Most of them it seemed,
were disappointed travelers,
From the most travelled path,
Until they started questioning,
The act of questioning itself.
They said that there was perhaps not,
even a path to start with!
That the common folk,
is a mere fool,
For thinking it can embrace life
while pleasing himself to death.

They seemed to think,
That the meaning of our life lied,
in whatever we assigned it to,
And that our existence
was nothing but,
The mere waiting of Godot.

I then took a few steps back,
And came back to where
My journey had began,
So like Robert I also sat,
where two roads were seen
diverging into the mist,
Both equally distant,
Both equally intriguing.

How contrasting were
The paths, I thought!
None of them seemed to me,
Completely satisfactory.

And since I had to journey,
Somewhere along the road,
I closed my eyes,
And recalled the sages,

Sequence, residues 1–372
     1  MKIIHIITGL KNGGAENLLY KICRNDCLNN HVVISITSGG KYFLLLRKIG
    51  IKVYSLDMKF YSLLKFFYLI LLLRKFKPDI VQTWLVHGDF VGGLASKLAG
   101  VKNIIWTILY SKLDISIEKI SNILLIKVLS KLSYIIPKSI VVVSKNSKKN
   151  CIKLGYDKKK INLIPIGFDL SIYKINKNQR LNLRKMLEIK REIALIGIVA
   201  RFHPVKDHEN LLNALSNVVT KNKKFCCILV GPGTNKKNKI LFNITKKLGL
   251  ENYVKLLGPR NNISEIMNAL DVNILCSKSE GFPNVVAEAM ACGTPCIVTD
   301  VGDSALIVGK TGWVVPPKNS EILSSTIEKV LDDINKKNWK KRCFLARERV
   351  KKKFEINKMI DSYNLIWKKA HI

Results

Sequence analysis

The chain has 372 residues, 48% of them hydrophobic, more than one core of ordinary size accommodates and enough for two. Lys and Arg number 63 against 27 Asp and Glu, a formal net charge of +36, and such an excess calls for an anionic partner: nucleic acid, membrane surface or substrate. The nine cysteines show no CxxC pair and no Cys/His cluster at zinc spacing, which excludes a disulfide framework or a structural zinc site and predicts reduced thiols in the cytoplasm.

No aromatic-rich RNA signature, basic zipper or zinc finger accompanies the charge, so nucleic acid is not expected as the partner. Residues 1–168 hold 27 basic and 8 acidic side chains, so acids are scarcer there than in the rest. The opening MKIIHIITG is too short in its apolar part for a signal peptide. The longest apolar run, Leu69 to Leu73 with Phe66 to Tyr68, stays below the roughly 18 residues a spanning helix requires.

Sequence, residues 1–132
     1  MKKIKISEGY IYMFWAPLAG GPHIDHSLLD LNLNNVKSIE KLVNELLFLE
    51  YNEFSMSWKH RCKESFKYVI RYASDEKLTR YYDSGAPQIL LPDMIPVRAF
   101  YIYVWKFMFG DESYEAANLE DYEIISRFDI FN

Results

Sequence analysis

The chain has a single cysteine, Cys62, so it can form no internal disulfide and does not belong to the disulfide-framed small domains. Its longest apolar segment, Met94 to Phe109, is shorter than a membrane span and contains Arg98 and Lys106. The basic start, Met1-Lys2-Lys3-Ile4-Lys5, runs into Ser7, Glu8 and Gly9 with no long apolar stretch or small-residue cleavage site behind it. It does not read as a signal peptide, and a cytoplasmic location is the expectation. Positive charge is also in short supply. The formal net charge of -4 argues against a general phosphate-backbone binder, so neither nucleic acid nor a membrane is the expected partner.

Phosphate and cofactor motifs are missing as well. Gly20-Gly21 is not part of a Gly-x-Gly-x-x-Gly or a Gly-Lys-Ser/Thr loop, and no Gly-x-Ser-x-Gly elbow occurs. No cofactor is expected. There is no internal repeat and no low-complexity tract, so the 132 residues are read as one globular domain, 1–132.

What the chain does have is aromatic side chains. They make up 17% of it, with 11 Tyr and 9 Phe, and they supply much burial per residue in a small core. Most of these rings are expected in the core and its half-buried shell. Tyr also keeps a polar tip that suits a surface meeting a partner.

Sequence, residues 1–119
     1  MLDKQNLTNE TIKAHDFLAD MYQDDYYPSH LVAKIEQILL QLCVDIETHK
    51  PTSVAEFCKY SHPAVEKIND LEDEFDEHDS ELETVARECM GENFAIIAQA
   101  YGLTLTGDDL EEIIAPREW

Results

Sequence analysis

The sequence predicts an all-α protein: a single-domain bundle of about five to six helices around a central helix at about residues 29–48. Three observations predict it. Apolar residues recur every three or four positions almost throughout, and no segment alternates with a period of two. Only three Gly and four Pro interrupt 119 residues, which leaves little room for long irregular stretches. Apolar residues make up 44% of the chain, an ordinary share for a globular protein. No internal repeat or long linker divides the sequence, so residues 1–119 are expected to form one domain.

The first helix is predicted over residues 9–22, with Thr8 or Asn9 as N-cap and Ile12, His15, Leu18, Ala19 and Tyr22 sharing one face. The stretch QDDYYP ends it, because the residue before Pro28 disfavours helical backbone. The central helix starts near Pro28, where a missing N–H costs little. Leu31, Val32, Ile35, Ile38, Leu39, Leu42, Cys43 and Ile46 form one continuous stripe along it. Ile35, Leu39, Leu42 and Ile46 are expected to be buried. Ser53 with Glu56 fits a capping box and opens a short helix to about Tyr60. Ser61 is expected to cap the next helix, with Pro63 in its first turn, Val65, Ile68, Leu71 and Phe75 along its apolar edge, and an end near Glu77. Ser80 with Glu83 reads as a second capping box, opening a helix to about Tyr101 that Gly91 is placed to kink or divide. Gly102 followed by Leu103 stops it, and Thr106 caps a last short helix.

Of Advaita al Wujud,
And Wahdat al Vedanta.

A man then appeared,
And sat next to me.
He smiled at me peacefully,
As if knowing my sorrow,
And its incurable cure.

I asked him of the two Epic’s,
‘Was —urus the winner?
or was it —tetus at last?

Was the little prince lost,
in a world of Wille und Vorstellung?
Or was it that he should have,
Followed Théodicée or even better!
met Ayatollah Alyosha Karamazovi!

The man extended his hand,
And pointed towards the diverging paths,
Both equally distant,
Both equally intriguing,
Still.

He then snapped his fingers,
and brought the diverging paths,
To a deafening,
Still.

The change was a drastic one,
As if Samuel had Finally,
Made Godot to break the scene!
Or as if L’Etranger had finally,
found Himself!

When these curtains were lifted,
The man took me by his hand,
To the most common treaded path,
The path of many roses
(and equally numbered thorns).

‘This one, is the lowest of the two’ He said.